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Friday, November 21, 2014

WARM SOCKS AND ART PROJECTS


portraits of jenny

The cold let up a bit today, I'm grateful to say. Yesterday was cold. A sweatshirt was comfortable today, a sweater yesterday. The day before yesterday was so bitter cold I stayed in the bed as much of the day as I could, and it wasn't even warm there. My floor is the same temperature as outside, keeping the bottoms of my feet freezing. Bought two pair of super heavy duty socks purported to really keep the feet warm. They are light weight, based in a principle of some kind of fibers that hold air, keeping warm air in and cold air out. It works great on the top of my feet and ankles, but the bottoms of my feet froze the same as if I were wearing white cotton socks. As one who could never pass a semester of Physics, my conjecture is not scientific. It seems, however, that when I stand, the weight presses the fibers down flat as a piece of paper, eliminating their ability to hold heat. Could be too, poor circulation radiating little heat to retain. Today, I'm wearing some warm socks, Christmas presents from last year that are, indeed, heating my feet, even the soles. The floor is not as cold today as it was yesterday, though without these socks, I'd feel it. I've bought synthetic "fleece" socks from LLBean that were not what I'd hoped. These I bought last week are not what I'd hoped. The ones I'm wearing now are the most successful at keeping my feet warm. I'll see about finding a few more pair. Last winter and this winter I'm tired of cold feet in winter. In the past, I didn't notice it so much. I've spent a fair amount looking for truly warm socks. The ones advertised most warm have failed my feet.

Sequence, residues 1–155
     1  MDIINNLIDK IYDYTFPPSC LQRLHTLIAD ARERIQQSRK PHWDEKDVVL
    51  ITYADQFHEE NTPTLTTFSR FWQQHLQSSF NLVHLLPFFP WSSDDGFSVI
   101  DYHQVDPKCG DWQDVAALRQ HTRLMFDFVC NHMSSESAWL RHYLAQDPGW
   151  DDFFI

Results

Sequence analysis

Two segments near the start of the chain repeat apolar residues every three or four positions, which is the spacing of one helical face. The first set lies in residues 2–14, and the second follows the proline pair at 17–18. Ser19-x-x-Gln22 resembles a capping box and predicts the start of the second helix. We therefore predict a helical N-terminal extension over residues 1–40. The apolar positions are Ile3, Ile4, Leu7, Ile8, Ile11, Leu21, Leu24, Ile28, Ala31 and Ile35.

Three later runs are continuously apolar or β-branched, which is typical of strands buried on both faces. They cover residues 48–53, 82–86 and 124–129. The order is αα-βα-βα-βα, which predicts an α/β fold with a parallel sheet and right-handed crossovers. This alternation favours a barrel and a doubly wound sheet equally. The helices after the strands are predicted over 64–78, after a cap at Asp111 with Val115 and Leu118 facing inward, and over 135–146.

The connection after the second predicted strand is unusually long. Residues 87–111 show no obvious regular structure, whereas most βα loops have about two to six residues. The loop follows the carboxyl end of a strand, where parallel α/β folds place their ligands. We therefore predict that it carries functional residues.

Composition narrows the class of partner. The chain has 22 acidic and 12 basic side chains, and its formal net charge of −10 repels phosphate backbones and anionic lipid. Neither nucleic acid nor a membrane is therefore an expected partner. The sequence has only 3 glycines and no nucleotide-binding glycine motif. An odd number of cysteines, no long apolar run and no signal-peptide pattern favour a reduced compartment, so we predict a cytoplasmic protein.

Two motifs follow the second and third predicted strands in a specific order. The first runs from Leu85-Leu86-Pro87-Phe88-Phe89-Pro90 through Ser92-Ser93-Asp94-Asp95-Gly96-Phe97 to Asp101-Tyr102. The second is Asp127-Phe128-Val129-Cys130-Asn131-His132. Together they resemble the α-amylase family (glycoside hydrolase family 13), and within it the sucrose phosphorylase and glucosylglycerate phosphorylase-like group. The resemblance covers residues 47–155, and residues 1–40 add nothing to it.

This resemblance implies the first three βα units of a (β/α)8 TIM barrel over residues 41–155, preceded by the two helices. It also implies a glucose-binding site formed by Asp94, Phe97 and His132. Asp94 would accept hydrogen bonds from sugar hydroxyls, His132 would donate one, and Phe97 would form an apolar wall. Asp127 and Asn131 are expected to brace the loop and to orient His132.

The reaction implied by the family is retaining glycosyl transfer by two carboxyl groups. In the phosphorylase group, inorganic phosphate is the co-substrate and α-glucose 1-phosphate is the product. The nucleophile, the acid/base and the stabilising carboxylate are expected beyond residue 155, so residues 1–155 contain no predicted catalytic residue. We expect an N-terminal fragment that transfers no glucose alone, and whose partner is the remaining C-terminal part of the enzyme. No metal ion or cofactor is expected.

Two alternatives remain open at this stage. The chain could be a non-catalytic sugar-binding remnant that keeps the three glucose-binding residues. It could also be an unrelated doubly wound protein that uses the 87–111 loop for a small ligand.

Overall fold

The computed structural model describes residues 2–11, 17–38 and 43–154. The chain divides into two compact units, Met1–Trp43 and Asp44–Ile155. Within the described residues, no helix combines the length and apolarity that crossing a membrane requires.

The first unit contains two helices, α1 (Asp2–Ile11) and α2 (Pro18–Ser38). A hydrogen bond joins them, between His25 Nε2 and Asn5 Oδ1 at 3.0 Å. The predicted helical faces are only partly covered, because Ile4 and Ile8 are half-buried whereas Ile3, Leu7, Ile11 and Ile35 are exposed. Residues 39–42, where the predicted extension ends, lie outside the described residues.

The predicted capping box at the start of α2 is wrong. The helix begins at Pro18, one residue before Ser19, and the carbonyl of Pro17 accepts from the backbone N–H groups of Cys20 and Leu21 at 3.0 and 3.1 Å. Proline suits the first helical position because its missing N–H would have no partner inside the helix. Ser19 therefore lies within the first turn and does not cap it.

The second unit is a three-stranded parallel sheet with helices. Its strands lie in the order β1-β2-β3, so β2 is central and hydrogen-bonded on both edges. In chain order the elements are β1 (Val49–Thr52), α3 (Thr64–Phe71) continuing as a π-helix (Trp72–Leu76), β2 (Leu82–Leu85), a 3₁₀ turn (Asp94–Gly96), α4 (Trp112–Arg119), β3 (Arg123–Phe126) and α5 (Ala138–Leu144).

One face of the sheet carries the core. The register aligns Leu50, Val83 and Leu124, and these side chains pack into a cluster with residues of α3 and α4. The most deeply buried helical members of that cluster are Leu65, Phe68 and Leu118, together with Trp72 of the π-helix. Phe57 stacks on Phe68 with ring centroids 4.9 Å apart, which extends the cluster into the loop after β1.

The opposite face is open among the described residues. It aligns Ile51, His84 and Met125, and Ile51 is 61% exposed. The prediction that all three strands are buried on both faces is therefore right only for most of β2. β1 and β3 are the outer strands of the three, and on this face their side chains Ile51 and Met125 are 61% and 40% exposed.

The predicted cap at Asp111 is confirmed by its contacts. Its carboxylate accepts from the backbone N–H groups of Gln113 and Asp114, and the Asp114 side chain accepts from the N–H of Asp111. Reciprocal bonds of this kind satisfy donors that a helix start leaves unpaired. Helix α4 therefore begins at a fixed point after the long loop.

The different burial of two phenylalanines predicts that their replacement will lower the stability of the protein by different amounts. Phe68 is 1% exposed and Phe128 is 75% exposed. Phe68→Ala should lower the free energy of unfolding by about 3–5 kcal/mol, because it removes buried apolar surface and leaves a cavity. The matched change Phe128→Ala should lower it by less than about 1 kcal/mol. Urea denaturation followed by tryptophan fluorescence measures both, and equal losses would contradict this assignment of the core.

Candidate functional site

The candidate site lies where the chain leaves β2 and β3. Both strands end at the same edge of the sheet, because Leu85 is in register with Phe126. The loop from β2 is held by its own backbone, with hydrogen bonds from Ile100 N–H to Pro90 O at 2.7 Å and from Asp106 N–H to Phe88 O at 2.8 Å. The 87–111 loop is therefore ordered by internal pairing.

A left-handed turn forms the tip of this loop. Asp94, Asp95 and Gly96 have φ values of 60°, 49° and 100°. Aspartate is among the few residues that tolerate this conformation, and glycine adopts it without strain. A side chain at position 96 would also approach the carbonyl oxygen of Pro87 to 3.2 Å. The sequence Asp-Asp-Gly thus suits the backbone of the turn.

k
beautiful jen


The donkeys tore down the wall of hay I put up at the entrance to their den to deflect wind on cold nights. One or both of the donkeys pulled the tarp off that I'd wrapped around the six bales, stacked two wide, three high. The bales were knocked down. I suspect curiosity was behind it. It's hay they won't eat when I offer it to them. It looked like some of the hay was tugged at, but none eaten. The night won't be bitter cold, so I decided to wait until tomorrow when the outside air will be warmer than today, even pleasant, to reconstruct it as it was, maybe secure the tarp with a little more care. I'll let Jack watch. I'm thinking it might give him an understanding that it is hay they don't like under a tarp. I'll explain to him it's purpose, a wind-break for cold winter nights. I won't scold or make an issue of it. He may tear it apart again. If he does, I'll put it back together again. I put the tarp over the hay to protect it from wet, not to keep donkeys out of it. If they want to eat it, good. If I can get them to eat it by making a wall of it, great, I'll replace it as they eat it. It would be easy to put up a plywood wall, but I don't want to. Or I could use some old boards from the woodshed that doesn't hold wood anymore. I'll use the hay for now. They appear to like having the hay on the floor of their den. I'll use the old hay to keep their bedding fresh through the winter. I saw a forecast today that we have more bitter weather ahead. Of course. It's winter. This house holds heat like a sieve holds water. I don't want it any tighter. I don't like putting plastic on the windows because it obscures the view through the glass. Makes it look like a very dense fog is outside. I like to see out the windows. 

jenny chews carrot